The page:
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article imageAustralia’s ancient super lizard Megalania was venomous

By Paul Wallis     May 24, 2009 in Science
Megalania was like a giant Komodo dragon, a huge monitor lizard, up to 5.5 metres (18 feet) long. Some estimates have been up to 7 plus metres (26 feet) That makes it the biggest venomous animal ever.
Megalania was the biggest of the monitors. In Australia, the goanna is one of its little relatives, and it's usually the size of a border collie, when full grown, although a known living relative of Megalania, the Perente, is somewhat bigger. The Komodo Dragon is a sort of quarter size version. If you check out these images, you get the impression of a monster lizard, but this thing was the size of a horse. The skull of an adult alone was the size of a human, according to some texts.
Science Daily explains the situation, and what this discovery of a venomous bite means:
A new study has shown that the effectiveness of the Komodo Dragon bite is a combination of highly specialized serrated teeth and venom. The authors also dismiss the widely accepted theory that prey die from septicemia caused by toxic bacteria living in the dragon's mouth.
All reptiles have some very dangerous bacteria in their mouths. That’s been considered, as you can see, to be their secret weapon. There’s another side, however, to the dragons. Their teeth are like steak knives, and they can do a lot of damage with their bite. Australia’s goannas are relatively harmless, mild tempered, and don’t attack things bigger than themselves. The Komodo Dragons, however, are fierce, and they can even kill tough animals like wild pigs, and people.
The Komodo Dragon is the nearest thing to Megalania, a direct descendant. They’re top predators. They use an anticoagulant to cause massive bleeding by their prey, which is really overkill. They’re powerful animals, and the bite would take out most animals from loss of blood anyway.
However, it’s also good strategy. The “bite and flight” approach is also believed to have been used by animals like Tyrannosaurus Rex; one huge bite, and the animal is already dead. If it tries to run, it bleeds to death. If it tries to fight, it gets progressively weaker for the same reason, expending energy as well. There’s another twist with Megalania, though: The bite induces paralysis as well. An immobilized prey, which can’t fight and can’t run. Loss of blood also causes shock, another immobilizing effect.
This highly complex venom combination is a good strategy for any animal in an environment like Megalania’s Australia. The marsupials were at their height in that time. The marsupial lions, the Tasmanian tiger, (Check out the video of the last Tasmanian Tiger. You can see why people keep wanting to bring it back, even if it still couldn’t be introduced onto the mainland with the Super Dog packs.)and the giant kangaroos were the big animals. Big saltwater crocs were rampant. A monster wombat, the size of a hippo, called Diprotodon was the main prey.
So a quick kill approach would have been a very good idea, both dealing with big dangerous prey and knocking it out before having to deal with big dangerous competition, particularly other Megalania.
There’s another ramification or so to this story. Megalania's exact role in the ecology is quite unclear. There just haven't been any major reptile land predators in this ecological niche, anywhere else on Earth. There's obviously a lot to be learned. On Komodo, they're the dominant predator, because there's no competition. In ancient Australia, there obviously was competition. Komodo Dragons are also scavengers, believed to pick up a lot of their toxicity from their food, necrotic bacteria in the carcasses. Megalania, however, is so far believed to have been an active predator, although scavenging like the Komodo Dragons is a common behavior among predators, even among lions. So where was Megalania, on the ecological scale? Super predator, or one of a range of predators, like in Africa?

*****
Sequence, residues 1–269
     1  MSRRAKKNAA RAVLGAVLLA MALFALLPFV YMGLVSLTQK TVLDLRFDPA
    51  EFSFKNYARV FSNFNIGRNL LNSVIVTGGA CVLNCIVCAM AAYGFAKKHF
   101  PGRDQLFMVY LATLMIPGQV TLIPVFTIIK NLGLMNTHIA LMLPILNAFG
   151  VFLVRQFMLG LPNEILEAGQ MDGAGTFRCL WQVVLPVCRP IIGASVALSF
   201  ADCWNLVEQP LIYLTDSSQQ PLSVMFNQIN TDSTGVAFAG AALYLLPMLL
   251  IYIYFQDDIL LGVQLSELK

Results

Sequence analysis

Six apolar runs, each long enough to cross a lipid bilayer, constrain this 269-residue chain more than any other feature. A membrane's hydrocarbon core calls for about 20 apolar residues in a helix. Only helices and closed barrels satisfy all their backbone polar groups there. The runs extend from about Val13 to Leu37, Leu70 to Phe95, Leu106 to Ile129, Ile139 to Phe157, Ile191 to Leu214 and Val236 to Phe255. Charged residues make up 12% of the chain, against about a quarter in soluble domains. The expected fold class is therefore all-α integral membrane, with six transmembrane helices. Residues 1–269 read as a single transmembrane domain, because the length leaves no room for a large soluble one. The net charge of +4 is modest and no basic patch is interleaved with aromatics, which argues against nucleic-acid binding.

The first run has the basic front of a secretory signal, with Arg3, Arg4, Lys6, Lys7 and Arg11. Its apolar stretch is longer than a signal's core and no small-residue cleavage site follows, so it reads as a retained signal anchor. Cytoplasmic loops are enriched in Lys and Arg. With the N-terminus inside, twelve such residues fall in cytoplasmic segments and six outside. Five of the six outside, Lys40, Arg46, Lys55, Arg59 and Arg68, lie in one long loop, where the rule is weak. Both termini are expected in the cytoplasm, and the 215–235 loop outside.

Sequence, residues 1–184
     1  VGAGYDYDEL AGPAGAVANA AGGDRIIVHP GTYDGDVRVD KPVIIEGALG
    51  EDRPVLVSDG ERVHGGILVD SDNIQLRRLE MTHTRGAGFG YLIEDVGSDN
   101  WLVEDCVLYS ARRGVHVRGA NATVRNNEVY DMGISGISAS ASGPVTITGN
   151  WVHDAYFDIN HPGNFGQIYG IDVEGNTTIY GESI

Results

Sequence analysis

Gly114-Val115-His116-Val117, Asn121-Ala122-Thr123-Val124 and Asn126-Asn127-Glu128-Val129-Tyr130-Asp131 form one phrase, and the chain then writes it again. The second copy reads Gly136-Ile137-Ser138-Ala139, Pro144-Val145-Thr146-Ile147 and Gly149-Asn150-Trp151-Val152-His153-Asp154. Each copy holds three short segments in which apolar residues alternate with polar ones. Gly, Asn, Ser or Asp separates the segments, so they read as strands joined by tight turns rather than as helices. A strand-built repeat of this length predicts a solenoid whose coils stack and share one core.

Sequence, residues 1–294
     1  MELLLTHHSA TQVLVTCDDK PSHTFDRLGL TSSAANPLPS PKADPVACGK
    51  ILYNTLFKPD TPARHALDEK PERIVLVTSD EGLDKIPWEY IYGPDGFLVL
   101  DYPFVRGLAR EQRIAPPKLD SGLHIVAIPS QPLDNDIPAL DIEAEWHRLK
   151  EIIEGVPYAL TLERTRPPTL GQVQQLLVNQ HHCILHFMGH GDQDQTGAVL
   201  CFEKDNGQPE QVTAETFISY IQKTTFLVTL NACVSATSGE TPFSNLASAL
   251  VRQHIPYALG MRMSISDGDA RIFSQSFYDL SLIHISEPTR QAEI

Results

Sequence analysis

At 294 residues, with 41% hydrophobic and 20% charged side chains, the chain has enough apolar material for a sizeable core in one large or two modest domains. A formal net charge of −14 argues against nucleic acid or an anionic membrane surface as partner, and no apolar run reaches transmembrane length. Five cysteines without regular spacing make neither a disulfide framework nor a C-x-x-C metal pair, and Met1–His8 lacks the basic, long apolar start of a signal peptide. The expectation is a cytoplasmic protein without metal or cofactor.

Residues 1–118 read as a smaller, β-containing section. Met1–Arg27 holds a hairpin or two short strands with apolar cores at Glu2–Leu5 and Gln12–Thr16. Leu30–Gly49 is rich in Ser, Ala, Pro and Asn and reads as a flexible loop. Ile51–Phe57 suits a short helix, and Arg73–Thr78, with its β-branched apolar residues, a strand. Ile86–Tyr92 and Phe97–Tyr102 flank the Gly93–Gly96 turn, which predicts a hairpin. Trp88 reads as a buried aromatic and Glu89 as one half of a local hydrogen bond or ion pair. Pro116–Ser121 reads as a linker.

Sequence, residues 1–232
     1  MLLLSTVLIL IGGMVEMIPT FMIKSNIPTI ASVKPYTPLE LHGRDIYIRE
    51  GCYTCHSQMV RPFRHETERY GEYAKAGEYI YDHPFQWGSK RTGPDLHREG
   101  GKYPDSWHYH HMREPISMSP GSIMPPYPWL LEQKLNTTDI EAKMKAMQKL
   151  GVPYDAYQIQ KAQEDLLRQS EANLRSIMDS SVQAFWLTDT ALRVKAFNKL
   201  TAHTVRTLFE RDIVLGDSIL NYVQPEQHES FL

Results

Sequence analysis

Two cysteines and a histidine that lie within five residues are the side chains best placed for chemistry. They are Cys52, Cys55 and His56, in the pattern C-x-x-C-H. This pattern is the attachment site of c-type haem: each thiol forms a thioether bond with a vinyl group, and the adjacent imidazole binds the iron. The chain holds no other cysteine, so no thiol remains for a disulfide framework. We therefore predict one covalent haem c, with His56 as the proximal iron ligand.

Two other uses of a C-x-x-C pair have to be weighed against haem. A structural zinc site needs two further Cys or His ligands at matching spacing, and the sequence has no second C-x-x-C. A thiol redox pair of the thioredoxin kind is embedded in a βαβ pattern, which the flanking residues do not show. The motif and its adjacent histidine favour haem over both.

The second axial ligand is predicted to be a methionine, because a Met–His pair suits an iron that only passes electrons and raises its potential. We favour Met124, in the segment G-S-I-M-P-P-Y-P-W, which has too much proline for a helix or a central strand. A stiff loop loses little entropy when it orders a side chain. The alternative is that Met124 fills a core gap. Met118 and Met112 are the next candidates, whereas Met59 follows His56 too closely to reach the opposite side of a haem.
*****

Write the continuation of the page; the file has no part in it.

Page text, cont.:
Komodo Dragons aren't even afraid of humans, let alone other predators. They don't need to be. They're big, venomous, and aggressive. Marsupial lions and tigers were big, but not stupid enough to take on a lizard bigger than themselves. If they behaved like Komodo Dragons, they should have been on top of the food chain, but that's not really clear from findings so far.
The Aboriginals, and the dingoes, are widely believed to have totally changed Australia’s ecology. The dingoes did have a huge impact, being far superior as true dogs and as pack hunters, and ruthless with other predators. Apparently, though, although the Aboriginals did change the landscape, with their hunting and burning, they didn’t really have as much impact on the mega marsupials as originally thought.
The giant marsupials were already on the way out. If you check the link to the giant kangaroos above, you'll see that a massive drought destroyed them, which would have crashed a major part of the food chain, decimated their predators, and systematically brought down the old fauna as new competitors moved in. That would have affected Megalania, as a land predator, removing the big prey and leaving them trying to catch much faster, tough and agile animals like modern kangaroos, and having to deal with dog packs, if they lasted long enough to encounter the dingoes. Juvenile Megalania would have been no match for dog packs. The question remains, did Megalania die out, or was it pushed over the edge? There's an obvious possibility, but that question hasn't been answered authoritatively yet, either.
One thing about Australia: "A traveler in an antique land" gets his mind blown, regularly.
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